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Compassion, Safety, and Rights

By Patrick Hendry, Vice President of Consumer Advocacy, Mental Health America

Download the Paper (PDF)

For many years I have thought that it would be interesting to take an in-depth look at the intersection of compassion, safety, and rights and how they apply in mental health advocacy, practice, and law.  They are certainly reoccurring themes in the advocacy work I have done for twenty-four years.  I knew that they frequently overlap and often seem to be in conflict with each other, but I had no idea how complex the intersection was until I began my research.

These three issues are shaped by perspective, legal interpretation, medical ethics, and ideology.  They can both unite and divide us and they are a part of the lives of every person who lives with a psychiatric disorder, every family who strives to protect and provide for their loved ones, and every professional involved in the mental health system. 

One person’s idea of compassionate treatment may feel like an infringement of rights to another.  Safety is important but it must be well defined when we talk about taking away someone’s freedoms, and rights should be sanctified except in the most extreme situations.  So the question arises, how does one fit these three essential elements together?

Compassion is the emotion of caring for another’s wellbeing. Safety applies to the individual, families, caregivers and society. Rights are legal or ethical principles of freedom—that is, rights are the fundamental rules about what is allowed of people or owed to people, according to some legal system, social convention, or ethical standard.

Many issues arise when you look closely at each one.  Compassion is from the perspective of the person feeling it, so it is not unusual for families, and caregivers to intercede in an individual’s life when they believe that the person requires treatment even if they don’t want it.  Compassionate people often find it difficult to stand back while another person’s quality of life deteriorates due to a psychiatric condition.  Often they are compelled by fear for the person’s safety, perhaps the individual is isolating, not taking care of themselves, or living on the streets.  Intervention might provide the person with a better quality of life.  But what if they don’t want the help?  When does compassionate intervention in these conditions become legal when the freedom of the person is involved?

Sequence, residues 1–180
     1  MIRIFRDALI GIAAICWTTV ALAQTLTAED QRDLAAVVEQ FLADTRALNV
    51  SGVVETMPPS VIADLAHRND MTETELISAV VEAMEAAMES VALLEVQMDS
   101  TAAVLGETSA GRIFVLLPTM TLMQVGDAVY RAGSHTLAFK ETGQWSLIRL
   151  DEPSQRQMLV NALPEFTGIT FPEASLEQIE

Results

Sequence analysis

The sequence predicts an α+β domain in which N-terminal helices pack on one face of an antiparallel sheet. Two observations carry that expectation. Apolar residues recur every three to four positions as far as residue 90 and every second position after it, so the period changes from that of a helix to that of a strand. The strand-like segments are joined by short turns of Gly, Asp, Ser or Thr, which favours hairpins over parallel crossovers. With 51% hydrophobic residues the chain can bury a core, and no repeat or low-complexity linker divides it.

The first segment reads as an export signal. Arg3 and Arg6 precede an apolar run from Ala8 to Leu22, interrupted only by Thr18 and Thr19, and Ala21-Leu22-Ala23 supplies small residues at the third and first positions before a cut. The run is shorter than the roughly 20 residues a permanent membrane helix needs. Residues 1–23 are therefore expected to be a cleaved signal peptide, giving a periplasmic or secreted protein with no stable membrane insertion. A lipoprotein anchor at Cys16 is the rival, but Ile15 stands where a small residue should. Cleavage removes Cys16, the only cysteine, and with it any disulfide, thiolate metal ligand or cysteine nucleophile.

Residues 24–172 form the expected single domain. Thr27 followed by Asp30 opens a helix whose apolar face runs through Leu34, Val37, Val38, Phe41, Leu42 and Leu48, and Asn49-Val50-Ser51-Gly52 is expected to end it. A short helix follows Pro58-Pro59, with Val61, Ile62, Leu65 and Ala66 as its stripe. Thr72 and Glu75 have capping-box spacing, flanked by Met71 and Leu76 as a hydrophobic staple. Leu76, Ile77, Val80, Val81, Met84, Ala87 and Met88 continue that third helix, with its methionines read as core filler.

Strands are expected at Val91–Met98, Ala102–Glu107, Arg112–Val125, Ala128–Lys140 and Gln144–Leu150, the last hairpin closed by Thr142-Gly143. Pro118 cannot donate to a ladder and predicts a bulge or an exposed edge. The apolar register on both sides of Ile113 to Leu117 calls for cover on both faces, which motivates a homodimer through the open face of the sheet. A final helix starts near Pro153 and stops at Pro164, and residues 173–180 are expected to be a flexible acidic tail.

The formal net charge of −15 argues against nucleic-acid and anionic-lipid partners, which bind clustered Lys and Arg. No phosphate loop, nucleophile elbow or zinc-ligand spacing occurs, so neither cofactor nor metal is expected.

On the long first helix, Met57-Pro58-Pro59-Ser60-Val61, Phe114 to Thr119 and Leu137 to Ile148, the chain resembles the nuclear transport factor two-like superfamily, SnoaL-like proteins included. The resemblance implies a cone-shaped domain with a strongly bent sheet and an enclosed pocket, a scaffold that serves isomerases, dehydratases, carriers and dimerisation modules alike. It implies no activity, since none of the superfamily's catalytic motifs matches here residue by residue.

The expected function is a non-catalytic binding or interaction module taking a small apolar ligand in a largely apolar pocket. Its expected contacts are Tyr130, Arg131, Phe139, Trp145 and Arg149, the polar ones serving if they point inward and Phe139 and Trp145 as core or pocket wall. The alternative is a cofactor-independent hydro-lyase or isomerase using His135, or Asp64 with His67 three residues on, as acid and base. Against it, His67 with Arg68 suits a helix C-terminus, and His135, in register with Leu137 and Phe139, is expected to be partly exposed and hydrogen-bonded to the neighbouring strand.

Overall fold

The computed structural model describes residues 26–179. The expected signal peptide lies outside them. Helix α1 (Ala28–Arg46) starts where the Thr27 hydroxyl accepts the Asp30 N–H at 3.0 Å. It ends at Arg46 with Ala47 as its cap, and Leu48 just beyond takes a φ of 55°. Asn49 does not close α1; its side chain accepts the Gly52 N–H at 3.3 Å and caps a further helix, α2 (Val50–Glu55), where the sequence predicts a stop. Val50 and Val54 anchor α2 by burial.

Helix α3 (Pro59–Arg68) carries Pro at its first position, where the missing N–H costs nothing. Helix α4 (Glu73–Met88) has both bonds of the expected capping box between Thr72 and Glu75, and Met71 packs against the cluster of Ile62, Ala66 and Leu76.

This is where safety is so often cited.  Most states provide for involuntary treatment for a person with a psychiatric disorder when they are an imminent danger to themselves or others.  But how do we determine dangerousness?  A Supreme Court ruling on involuntary commitment allows for a lower standard of burden of proof than in criminal cases.  Danger to self or others is determined in different ways by different mental health professionals and courts.  The individual is at the mercy of widely ranging opinions that can determine their right to control their own lives depending on where they live or who they are evaluated by.  Society’s view of the link between mental illness and violence is not substantiated by statistics.  A large percentage of Americans believe that most people with serious psychiatric disorders are dangerous, yet research shows a much lower correlation.

My research took me down many unexpected paths and had me constantly re-evaluating my personal beliefs.  I interviewed many people, read numerous articles and papers, and wrote and rewrote the paper several times.  Some of the information is from my personal experience. In the end I have my personal interpretation but it is clear that the only thing that will ever truly unite compassion, rights, and safety is a complete overhaul of our system of care to one that provides for prevention, early intervention, compassionate treatment, uniform legal procedures for taking away the rights of an individual in only the most serious situations, and comprehensive societal support for people in recovery.

The purpose of this paper is to inspire thought about how we think and act in the ways we provide assistance to people living with psychiatric disorders. I hope it opens a deeper conversation and re-evaluation of our personal perspectives.  I realize that many will not agree with my personal conclusions, but that is all right, I’m open to your comments.  I’m always open to learning. 

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Comments

I've suffered from mental illness and have done well for years with some relapses. To me one of the most important things in my life after a belief in God is to be compassionately understood and cared for. For people to care enough about me and my metal health experience to have empathy for what I'm experiencing or have experienced and to put the care and knowledge into practice in improving things for me, them, family life, community life, church life etc. is not only a source of meaning but really an experience of being truly loved from what I am as a person!!!

If the rights of any group is threaten all of our rights are threaten one by one

Just read your post on the intersection of these three elements. I spent more than a decade working in a mental health program at our local hospital as an educator and communicator. I appreciated your perspective. Thank you for the work you do.

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